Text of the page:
The rest, as they say, is history, as is the money that got spent to get there! I'm actually working casually (i.e. not every day) now as a commercial helicopter pilot, something I probably couldn't really do as commercial fixed wing pilot. So I suppose that might disqualify me as a "recreational pilot". But since there's effectively no money in the kind of commercial flying I'm doing it really is still quasi-recreational. I've just barely started my CFI training. I hope that goes well, I'd really like to be able to teach someday, and it'll be a good gig when I retire from the day job.

I rarely have flights that go paved runway to paved runway, personal or otherwise. I have no aspirations to travel far, and the places and things I get to do locally are much more interesting. My most recent flight had me picking some folks up in their front yard (4 acre field, actually) and landing them on the 2nd fairway of a resort golf course (and reversing that two days later for the return trip). Much more interesting. I get to do a fair bit of personal flying, and in these parts there are many options for dining and other fun that are simply not available to fixed wing pilots. And I can land and take-off from my property as well. Indeed we moved somewhere where that would not be a problem.

But it does take cubic dollars (or pounds, or Euros, etc.) to do it. Let there be no doubt about it. But I know that if I was more mainstream, and had spent the money on say an IR and a Mooney, I'd be flying a LOT less than I am right now, and probably having a lot less fun, too.
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Old 15th Mar 2020, 23:31
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Originally Posted by aa777888 View Post
But it does take cubic dollars (or pounds, or Euros, etc.) to do it. Let there be no doubt about it. But I know that if I was more mainstream, and had spent the money on say an IR and a Mooney, I'd be flying a LOT less than I am right now, and probably having a lot less fun, too.
I am fully aware it costs a lot of money, but if working hard allows us to pursure hobbies like this then why not!

Coincidentally I was wondering if any recreational/hobby pilots have managed to do some commercial flying for fun, as opposed to always paying for SFH? I have no idea how this would work in reality and I certainly wouldn't be doing it for the money or as a day job per se, but it does seem quite fun to be able to fly "for free" sometimes.
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Old 15th Mar 2020, 23:35
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"Then the career really took front stage, and a few other hobbies to boot, but eventually, after getting injured a few times at some other hobbies"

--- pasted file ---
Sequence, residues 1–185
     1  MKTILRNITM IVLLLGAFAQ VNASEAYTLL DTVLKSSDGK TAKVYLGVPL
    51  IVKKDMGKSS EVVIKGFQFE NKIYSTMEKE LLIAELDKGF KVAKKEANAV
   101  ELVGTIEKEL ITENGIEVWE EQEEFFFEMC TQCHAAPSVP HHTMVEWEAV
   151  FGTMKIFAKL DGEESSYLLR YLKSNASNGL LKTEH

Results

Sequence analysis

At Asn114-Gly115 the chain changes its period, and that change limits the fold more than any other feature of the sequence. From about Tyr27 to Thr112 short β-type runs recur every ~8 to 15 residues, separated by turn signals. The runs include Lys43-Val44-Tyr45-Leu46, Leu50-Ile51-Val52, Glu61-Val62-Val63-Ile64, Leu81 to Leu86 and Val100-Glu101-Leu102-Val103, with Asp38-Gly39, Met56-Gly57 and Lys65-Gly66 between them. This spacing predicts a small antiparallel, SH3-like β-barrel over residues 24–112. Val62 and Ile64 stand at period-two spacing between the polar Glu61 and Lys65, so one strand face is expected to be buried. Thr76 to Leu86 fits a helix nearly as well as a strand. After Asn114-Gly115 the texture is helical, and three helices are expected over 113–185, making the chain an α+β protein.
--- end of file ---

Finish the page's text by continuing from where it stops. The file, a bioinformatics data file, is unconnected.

My hobby was making fireworks

Anyway back on topic Although I really love FW flying, I've always wanted to learn to fly a RW simply because it seems challenging. However I am also kinda yellow when it comes to RW...for my birthday this year I do plan on one lesson. Even though I know the flight controls/instruments in a helicopter and I read the RW flying handbook, I don't think that will help that much.
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Old 16th Mar 2020, 09:28
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Originally Posted by controlz View Post
Coincidentally I was wondering if any recreational/hobby pilots have managed to do some commercial flying for fun, as opposed to always paying for SFH? .
As a recreational pilot you most likely won't have a CPL(H) but a PPL(H). The answer is in your question, for commercial flying you need a commercial licence.
Sometimes flightschools offer very cheap position flights but then it's from a set take off and landing point. And sometimes when a heli needs an overhaul but still has hours left on it, you can get cheaper deals.
Flying for free isn't an option with a PPL(H).
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Old 16th Mar 2020, 14:52
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What's the . ?

What's the point of flying to a pub or restaurant, other than showing off? Pubs are for drinking and Restaurants for food and drink. Neither can be enjoyed when driving there, let alone flying.

And very few of these locations allow for my Super Puma to land there. Get your driver to take you there .
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Old 16th Mar 2020, 15:09
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Originally Posted by thechopper View Post
And very few of these locations allow for my Super Puma to land there.
It is most likely not YOUR super Poomba.
If you have ever owned your own machine you will realise that helicopters have many purposes, not all of which are utilitarian.
Sticking the wife up front and the mutts in the back and heading off to a somewhat inaccessible spot, relatively easily, can be quite an enjoyable affair.
When you are able to spend a good few digits on a decent (non-Robbie) aircraft, you really don't give a monkeys about what people think.
You fly because you can.
There are many stereotypes that abound but there are plenty of rec fliers that take their flying quite seriously.

I started the private route and worked to a commercial ticket. It's not unique.
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Old 16th Mar 2020, 15:12
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Originally Posted by thechopper View Post
What's the point of flying to a pub or restaurant, other than showing off? Pubs are for drinking and Restaurants for food and drink. Neither can be enjoyed when driving there, let alone flying.

And very few of these locations allow for my Super Puma to land there. Get your driver to take you there .

The passengers I take enjoy the showing off, and yes, me too to a point. But, I enjoy the challenge of planning and safely executing off-field landings, confined area, etc., far more. I would have thought most (if not all) helicopter pilots enjoy the inherent challenges of flying a rotary aircraft - otherwise we would all be flying fixed wing (earning more and getting bored).